Mrs. Bush: Well, I think especially school librarians have a role to play in getting that message out. But I think librarians—and I know you all discuss this probably, at different conferences—really need to do a lot more outreach. They need to let people know both how important libraries are, and how important reading is.

And I got a letter once, when George was governor, from a person in San Angelo, who said the advantages of a reader are so profound, so many over the nonreader, that people ought to be demanding to learn to read. And I think that really is true, and I think we see it in countries where people are denied an education, that they’re desperate for an education, they’re desperate to learn to read.

So I think that’s what we need to get out. That not only should we offer, in every library if we can, literacy classes or literacy—different vehicles for learning to read, because of all the people in our country—immigrants who maybe don’t read English or the people who’ve made it through school without learning to read—one thing we know, all of us know, is that there are plenty of people out there who don’t read. And we should really do whatever we can to reach out to people and let them know that there are ways to learn to read.

Q.: When did you become a reader? Do you remember the moment? For me it was Laura Ingalls Wilder in the 3rd grade. And I’ve heard that Laura Ingalls Wilder was an important—

Mrs. Bush: She was a favorite of mine, for sure. And my mother started reading The Little House on the Prairie to me before I could read. But I do remember when I first read it. And actually, the book that I remember first being able to read for myself was Mrs. Piggle-Wiggle. I don’t know if you remember the Mrs. Piggle-Wiggle books. [Laughter.] They’re sort of not in fashion any more. But I had a very good friend who was an excellent reader, a better reader than I was. I was younger, I started school at 5, started school early, and really hadn’t, I think—as I look back on it, I was a little bit behind in development compared to, not everyone, but many of my classmates. And she and I would lie on the couch and she would read Mrs. Piggle-Wiggle. And then all of a sudden I realized I could read. And it probably was the 2nd or 3rd grade.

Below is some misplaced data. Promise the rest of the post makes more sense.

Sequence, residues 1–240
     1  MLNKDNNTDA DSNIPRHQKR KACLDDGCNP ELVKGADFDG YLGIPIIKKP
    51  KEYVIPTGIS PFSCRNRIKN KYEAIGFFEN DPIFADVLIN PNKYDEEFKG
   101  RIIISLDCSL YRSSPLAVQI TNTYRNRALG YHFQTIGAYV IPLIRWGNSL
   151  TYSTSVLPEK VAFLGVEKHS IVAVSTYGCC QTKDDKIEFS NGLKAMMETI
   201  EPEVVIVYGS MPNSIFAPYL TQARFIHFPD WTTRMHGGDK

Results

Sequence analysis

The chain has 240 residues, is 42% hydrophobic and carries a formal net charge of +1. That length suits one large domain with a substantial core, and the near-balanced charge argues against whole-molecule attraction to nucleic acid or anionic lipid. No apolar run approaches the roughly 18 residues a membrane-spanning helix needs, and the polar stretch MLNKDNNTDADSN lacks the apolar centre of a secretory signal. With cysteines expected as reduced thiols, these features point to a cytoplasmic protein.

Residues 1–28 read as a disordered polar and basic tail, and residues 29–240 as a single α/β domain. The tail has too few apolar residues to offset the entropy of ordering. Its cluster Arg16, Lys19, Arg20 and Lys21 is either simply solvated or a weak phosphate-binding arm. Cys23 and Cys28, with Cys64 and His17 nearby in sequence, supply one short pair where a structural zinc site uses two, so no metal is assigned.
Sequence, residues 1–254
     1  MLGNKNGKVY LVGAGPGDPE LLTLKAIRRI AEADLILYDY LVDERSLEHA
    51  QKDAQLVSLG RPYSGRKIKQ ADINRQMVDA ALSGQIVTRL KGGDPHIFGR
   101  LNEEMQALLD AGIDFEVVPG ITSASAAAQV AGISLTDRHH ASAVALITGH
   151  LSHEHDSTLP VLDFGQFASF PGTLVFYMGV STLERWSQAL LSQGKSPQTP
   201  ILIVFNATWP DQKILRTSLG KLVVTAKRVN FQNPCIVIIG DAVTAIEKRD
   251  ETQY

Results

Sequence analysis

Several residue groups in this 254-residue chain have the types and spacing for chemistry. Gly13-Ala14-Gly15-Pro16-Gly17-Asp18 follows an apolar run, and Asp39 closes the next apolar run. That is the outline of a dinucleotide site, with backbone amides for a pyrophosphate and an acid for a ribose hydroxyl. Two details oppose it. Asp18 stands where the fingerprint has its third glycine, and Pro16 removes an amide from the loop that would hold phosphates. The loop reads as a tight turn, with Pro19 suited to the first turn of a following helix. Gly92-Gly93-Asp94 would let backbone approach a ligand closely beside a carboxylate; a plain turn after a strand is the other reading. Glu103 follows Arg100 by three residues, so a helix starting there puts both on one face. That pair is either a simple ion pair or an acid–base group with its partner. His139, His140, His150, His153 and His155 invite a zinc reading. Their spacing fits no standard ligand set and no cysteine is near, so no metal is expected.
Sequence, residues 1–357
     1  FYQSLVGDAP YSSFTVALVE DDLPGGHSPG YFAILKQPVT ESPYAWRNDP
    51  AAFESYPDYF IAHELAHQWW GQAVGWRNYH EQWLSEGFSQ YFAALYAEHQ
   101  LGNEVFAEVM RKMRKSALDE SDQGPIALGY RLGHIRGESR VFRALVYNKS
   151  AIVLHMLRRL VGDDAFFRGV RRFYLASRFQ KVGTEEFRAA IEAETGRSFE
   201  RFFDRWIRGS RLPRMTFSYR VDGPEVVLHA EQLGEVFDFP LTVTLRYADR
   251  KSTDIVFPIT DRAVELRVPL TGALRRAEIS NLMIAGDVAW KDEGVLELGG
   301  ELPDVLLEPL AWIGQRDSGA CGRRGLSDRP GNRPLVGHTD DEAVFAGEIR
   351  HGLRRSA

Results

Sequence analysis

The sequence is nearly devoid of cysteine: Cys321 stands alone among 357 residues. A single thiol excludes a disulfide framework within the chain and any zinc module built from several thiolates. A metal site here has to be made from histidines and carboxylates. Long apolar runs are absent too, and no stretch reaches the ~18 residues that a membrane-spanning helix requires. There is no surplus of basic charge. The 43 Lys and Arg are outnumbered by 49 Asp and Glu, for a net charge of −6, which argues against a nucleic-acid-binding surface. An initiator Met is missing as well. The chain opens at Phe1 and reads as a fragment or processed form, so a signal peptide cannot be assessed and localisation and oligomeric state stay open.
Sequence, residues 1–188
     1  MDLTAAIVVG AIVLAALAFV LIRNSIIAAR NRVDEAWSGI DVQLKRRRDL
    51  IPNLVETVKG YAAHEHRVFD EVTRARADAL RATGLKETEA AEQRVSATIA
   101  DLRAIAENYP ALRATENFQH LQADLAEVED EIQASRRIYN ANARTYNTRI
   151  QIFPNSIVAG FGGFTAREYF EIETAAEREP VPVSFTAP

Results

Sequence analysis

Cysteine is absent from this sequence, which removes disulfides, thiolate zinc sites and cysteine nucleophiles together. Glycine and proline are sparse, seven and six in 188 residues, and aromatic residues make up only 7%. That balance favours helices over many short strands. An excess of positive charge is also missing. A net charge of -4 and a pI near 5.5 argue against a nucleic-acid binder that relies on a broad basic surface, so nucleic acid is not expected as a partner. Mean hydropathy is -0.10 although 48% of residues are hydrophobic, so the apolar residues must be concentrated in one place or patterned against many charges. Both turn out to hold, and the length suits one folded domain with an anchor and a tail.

Q.: The National Book Festival and many of your initiatives focus on books. Can you talk about why these initiatives do focus on books? And what is the future of the book, in your view?

Mrs. Bush: Well, books are so important to me, and I think they’re so important to a democracy and so important to our society that it just seems natural that we would try to promote books in any way we could. I mean, it’s just been the cause of my life, as you know. It’s been the pleasure of my life, reading. And I made what I like to do best into my job, which was become a librarian, a teacher and a librarian.

So the book festivals themselves are really a celebration of what I like best and what I hope, because I like it so much, I hope every American, and especially young people, will also learn to like to read and like books.

But we started the Texas Book Festival after an author brought the idea to me. An author from El Paso, Texas, came to the Texas capital, and he had been invited to a book festival in Kentucky some number of years ago, and when he did, the First Lady of Kentucky had a coffee or a reception for the authors. And so he thought it was a great idea. And so we put together a very great committee, a lot of Texas writers on the committee, and developed the Texas Book Festival. And it was just fun. I mean, it was really one of the most pleasurable activities I had—both the chance to meet authors whose works I’d read and admired for years, and then the Texas Book Festival is a fundraiser for Texas public libraries, which is difficult. It’s difficult to raise the amount of money you need to produce a big festival and have money left over to be able to give away. But we’ve been very successful at it, and I think the Texas Book Festival will be in its 13th year, and next week, after Easter, my Texas Book Festival friends are all coming to stay here with me. And I think they’ll be making the rounds, like they have to do for the fundraising for the book festival.

But all of those things are great fun, and the National Book Festival has been a huge success. More than 120,000 people came to the National Book Festival last year on the mall, and that’s more people that are in the town where I grew up.

Q.: I’ve attended several and they were wonderful.

Mrs. Bush: Yes, they’re great.

Q.: Your daughter Jenna has also just published a book, Ana’s Story. How is it doing?

Mrs. Bush: It’s doing very well, actually. She was 12 weeks on the New York Times Bestseller list for children’s chapter books, and of course that makes me very proud as a mother. She’s still giving speeches. She’s off the book tour, but she gave a speech yesterday here. And she’s been invited—I don’t know if she’s going to be able to go—to the Frankfurt Book Fair. Her book comes out in German next fall. So I’m very proud of her.

Q.: I’ll bet. And can you tell us a little bit about the Bush picture book?